However, the JRC-EDA report notes the defence sector’s lack of capacity and capability in being able to action any significant change where tackling climate change is concerned, recognising a need for a systematic approach to achieving sustainability. Therefore, the report recommends the incorporation of sustainable measures across multiple facets of the industry, namely operational aspects, capability planning and development, governance, multi-stakeholder engagement, and research, development and innovation.

Reducing emissions

Beyond the JLC-EDA report, there are numerous ways in which the industry could mitigate effects and adapt to climate change. 

  1. On-site renewable energy usage

Small positive changes could include incorporating electric fleet vehicles, to installing renewable energy technologies on defence sites, such as solar panels or wind turbines. Reducing reliance on fossil fuels would mark a significant step in the right direction, and with defence being a significant draw on energy resources, alternative energy sources would both ease strain on energy crises and reduce carbon emissions from fossil fuel-generated electricity. 

  1. Education, internal and external communication

At a worker level, industry employees should be provided with education and opportunity for dialogue regarding decarbonisation, diversification and Just Transition, ensuring efforts to curb the sector’s emissions are aligned across the industry. A study conducted by the University of Glasgow3 found that workers were not being consulted by their unions or company leaders, despite expressing interest in developing strategies for achieving sustainability in defence.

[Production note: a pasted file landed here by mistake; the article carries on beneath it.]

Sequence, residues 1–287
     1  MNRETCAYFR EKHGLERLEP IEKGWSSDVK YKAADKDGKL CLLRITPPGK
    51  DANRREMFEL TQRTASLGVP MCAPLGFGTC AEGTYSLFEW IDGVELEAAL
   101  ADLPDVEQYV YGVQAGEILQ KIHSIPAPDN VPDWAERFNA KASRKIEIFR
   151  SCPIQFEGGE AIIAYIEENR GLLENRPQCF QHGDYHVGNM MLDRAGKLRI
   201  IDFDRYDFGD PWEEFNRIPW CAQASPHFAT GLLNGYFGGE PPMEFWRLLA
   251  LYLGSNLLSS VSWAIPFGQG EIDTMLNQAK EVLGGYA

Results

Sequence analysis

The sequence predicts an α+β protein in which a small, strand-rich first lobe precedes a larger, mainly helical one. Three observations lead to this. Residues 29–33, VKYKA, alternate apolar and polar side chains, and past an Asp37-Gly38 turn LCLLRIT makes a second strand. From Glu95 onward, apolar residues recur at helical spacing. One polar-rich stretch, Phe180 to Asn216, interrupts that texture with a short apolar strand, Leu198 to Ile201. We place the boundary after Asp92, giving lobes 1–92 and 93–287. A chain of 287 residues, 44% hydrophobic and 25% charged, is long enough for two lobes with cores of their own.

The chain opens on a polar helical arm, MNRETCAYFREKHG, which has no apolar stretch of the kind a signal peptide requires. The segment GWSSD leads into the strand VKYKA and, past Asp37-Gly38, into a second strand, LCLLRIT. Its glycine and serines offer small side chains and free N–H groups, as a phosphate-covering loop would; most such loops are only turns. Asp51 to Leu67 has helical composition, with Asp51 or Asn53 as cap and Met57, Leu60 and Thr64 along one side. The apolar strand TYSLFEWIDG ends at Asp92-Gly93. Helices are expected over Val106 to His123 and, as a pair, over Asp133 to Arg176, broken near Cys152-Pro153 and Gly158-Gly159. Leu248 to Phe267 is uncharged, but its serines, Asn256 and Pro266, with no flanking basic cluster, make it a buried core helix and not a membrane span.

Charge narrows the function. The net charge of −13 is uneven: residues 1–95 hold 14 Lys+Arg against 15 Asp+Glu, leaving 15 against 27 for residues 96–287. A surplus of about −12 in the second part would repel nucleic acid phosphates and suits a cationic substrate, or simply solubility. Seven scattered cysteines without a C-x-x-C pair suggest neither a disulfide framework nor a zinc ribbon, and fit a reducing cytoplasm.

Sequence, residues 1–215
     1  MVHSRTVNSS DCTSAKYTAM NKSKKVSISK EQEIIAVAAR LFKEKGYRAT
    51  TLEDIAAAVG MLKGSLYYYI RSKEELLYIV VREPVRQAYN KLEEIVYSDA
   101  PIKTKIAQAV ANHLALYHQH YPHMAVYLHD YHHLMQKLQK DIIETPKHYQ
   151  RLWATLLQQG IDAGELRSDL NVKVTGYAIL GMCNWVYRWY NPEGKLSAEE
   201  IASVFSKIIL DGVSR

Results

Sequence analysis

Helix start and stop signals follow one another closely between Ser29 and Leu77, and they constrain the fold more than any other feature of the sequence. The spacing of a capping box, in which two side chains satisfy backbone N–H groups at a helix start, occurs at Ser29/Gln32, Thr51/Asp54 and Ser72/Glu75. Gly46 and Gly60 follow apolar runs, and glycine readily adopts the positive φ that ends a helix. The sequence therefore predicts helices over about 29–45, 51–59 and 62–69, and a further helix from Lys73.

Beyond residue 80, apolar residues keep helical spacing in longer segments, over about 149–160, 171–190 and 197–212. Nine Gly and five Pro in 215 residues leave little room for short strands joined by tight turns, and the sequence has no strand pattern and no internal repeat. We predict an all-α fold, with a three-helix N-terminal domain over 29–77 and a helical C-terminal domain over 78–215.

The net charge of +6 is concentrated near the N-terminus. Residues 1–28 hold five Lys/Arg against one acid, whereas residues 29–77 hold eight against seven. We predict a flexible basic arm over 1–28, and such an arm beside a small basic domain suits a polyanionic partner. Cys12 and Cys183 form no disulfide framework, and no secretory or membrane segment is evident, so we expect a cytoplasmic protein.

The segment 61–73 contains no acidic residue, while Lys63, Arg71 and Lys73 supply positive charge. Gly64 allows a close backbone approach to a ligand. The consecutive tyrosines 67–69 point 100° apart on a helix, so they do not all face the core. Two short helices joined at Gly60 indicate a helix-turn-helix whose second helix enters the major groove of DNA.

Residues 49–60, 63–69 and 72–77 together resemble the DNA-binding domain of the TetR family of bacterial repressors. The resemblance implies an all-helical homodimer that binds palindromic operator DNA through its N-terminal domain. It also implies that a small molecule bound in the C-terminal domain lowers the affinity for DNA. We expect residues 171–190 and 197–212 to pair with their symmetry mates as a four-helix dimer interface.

Meanwhile, the defence sector has a responsibility to communicate its green strategies to the outside world. The industry is continually scrutinised, and therefore transparency in its sustainability efforts is key. Any doubts could easily be put at ease by proper and clear communication to lay out plans for tangible change.

  1. Inventory-level decisions – building sustainable stock

More environmentally-friendly decisions could also be made at an inventory level, choosing to invest in recycled and recyclable equipment. For example, CP Cases’ sustainably designed Amazon cases are 100% recyclable and manufactured in-house via rotational moulding in an effort to offer environmentally-friendly products to the army. With an additional £16.5 billion4 being allocated to the UK defence budget from 2020/21 to 2024/25, it’s vital that this increased expenditure is as sustainable as possible, making ethical choices to reduce waste and manage stock responsibly.

Time is ticking for the defence sector. A net-zero target by 2050 is no easy task, and with a worsening climate crisis, the industry has a mountain to climb. But, by systematically actioning report-led recommendations, the defence sector has an opportunity to prove its doubters wrong – ‘going green’ while improving the effectiveness of operations.